With its location and design, the ferry terminal marks the first step in the development of a brand new district in Stockholm that will innovatively integrate city and port.
A landmark you can sit on top of
The terminal resembles a cross between a departing ship and the surrounding area’s architecture of cranes, warehouses, etc.
“The main idea was to create a vibrant urban environment at the port with a unique urban space catering to both travellers and local residents of Stockholm with a public park on the terminal’s roof. The terminal is thereby a public attraction and an efficient traffic facility where car traffic and a fluid overlap between passenger terminal and quality urban life intertwine and become one,” says Mads Mandrup, the architect in charge of design and partner in the project.
The terminal and surrounding urban space are at the same level, providing easy access for all. Meanwhile, the roof of the terminal building is home to a green landscape featuring stairs, ramps, niches and seating areas, all of which invite visitors to take a walk or sit and enjoy the views of ferries, Skærgården and the city.
Cohesion and sustainability
The City of Stockholm and Ports of Stockholm issued a call for tenders in 2010 for the design and construction of a new terminal. C.F. Møller won the contract in an international competition.“It has been a great pleasure to for us to collaborate with the City of Stockholm and Ports of Stockholm. Their visions for the area are an excellent match with our way of thinking. We always think beyond the scope of the building project itself, considering the interaction and cohesion with the sur-roundings and the durability of solution in the big picture and long-term develop-ment of the area,” says partner and architect Mårten Leringe from C.F. Møller’s offices in Stockholm.
This long-term perspective included sustainability considerations, as evidenced by the new terminal’s integrated systems powered by solar energy and geothermal heating/cooling, making Värtaterminalen self-sufficient in energy and earning the facility a Gold level environmental certification. Focus on light
The inside of ferry terminal is a testament to C.F. Møller’s careful attention to daylight and pleasant indoor spaces. This focus is particularly evident in the large arrivals and departures hall. The sculptural roof of the hall draws in sunlight by day and provides stunning views of starry skies at night. Many passengers have already enjoyed these views, as ferry operations began earlier this year. On Tuesday, the terminal will open for both travellers and local residents to enjoy the facility’s restaurant, port life and landscaped roof gardens. An estimated four million people annually will pass through Värtaterminalen, tra-velling to and from Finland and the Baltics.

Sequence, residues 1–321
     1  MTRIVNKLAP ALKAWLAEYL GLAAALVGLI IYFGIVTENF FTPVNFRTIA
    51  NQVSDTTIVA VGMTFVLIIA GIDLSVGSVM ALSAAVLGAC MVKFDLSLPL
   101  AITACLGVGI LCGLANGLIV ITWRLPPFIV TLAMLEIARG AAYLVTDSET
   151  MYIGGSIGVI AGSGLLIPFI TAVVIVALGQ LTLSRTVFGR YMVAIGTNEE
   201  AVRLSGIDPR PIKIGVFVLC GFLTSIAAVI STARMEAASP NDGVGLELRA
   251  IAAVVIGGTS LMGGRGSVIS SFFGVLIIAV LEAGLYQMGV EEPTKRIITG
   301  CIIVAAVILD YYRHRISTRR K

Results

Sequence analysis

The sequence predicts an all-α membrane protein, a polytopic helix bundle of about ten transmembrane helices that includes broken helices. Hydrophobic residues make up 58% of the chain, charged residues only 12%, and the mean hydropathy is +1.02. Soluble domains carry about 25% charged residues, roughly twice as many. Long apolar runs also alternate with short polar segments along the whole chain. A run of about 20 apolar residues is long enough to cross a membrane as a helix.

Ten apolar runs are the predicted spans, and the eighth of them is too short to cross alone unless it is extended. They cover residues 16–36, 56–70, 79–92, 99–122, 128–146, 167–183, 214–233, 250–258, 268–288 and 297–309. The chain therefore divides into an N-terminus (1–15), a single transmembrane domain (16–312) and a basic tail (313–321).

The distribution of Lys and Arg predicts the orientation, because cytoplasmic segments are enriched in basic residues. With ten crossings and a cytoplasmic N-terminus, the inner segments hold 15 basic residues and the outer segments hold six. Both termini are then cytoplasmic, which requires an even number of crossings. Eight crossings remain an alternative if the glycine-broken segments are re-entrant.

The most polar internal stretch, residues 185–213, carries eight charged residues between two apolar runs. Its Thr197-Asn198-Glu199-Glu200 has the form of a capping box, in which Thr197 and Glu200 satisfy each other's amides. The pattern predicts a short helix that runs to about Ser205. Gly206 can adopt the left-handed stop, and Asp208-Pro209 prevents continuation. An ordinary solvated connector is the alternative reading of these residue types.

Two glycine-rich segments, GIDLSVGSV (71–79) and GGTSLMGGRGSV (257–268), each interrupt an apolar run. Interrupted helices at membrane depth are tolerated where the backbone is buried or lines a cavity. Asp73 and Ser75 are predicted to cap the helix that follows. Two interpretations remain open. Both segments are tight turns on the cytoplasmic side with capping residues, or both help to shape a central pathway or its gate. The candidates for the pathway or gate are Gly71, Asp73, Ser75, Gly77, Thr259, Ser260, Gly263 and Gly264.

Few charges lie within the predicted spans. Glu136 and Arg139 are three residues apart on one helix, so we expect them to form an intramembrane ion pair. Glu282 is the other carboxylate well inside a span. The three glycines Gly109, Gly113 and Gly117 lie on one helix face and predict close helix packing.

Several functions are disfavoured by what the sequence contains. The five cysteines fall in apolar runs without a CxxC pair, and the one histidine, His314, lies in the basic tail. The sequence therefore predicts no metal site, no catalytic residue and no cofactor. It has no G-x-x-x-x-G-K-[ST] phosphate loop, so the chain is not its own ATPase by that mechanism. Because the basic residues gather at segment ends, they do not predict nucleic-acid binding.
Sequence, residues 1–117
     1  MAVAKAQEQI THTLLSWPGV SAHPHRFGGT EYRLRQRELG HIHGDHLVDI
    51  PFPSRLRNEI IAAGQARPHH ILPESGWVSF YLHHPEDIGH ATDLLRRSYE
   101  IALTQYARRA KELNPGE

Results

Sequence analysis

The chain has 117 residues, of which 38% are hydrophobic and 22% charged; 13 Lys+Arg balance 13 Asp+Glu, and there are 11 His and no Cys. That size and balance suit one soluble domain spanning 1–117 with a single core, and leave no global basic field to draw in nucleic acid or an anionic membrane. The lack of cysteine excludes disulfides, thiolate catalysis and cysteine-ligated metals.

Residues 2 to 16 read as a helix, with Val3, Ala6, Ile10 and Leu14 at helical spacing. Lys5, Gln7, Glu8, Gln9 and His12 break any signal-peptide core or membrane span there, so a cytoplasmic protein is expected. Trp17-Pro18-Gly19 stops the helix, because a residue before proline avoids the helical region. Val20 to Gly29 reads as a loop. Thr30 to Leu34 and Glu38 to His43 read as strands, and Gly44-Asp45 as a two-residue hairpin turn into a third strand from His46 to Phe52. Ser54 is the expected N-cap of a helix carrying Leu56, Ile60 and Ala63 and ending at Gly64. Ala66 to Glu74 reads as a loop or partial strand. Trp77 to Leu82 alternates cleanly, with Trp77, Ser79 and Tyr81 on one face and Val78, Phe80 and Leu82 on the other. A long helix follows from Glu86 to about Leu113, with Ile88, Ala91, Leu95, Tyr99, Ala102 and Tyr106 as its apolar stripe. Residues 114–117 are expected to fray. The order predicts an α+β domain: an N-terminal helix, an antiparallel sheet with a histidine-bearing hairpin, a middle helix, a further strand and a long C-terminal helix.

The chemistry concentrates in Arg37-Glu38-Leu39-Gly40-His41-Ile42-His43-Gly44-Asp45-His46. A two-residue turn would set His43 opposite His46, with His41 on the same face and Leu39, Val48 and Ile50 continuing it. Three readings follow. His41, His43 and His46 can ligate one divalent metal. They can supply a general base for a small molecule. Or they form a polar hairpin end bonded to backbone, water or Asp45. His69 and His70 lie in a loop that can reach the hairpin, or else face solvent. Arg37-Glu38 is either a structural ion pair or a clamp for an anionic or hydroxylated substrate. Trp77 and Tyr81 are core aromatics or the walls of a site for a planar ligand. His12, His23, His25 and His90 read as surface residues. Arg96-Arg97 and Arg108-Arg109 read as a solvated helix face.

The new terminal for Stockholm’s permanent ferry connections to Finland and the Baltics will be a landmark for the new urban development Norra Djursgårdsstaden - both architecturally and environmentally. The terminal, which will have a facade covered with expanded mesh, recalls the shape of a moving vessel and the architecture - with large cranes and warehouses - that previously characterized the ports. At the same time, the terminal has an ambitious sustainable profile, characteristic of the entire development.
The main idea has been to create natural links between central Stockholm and the new urban area in connection with the terminal, so that city life will naturally flow into the area. Therefore the terminal is raised to be at level with the urban zone, so it is easy for both pedestrians and traffic to access. At the same time the roof of the terminal building is designed as a varied green landscape with stairs, ramps, niches, and cosy corners, inviting both Stockholmers and passengers for a stroll or relaxing moments, while enjoying the view of the ferries, the archipelago, and the city skyline.
The aim is that the ferry terminal will be predominantly self-sufficient in energy and thus stand as an environmental model for public construction. Therefore the architecture of the terminal will integrate i.e. solar and wind power, for example the terraced landscape on the roof will integrate beds of solar cells along with the planting. The plan is to communicate the sustainable efforts to the people in the building by using i.e. centrally placed television screens, helping to raise awareness of the potential of sustainable construction.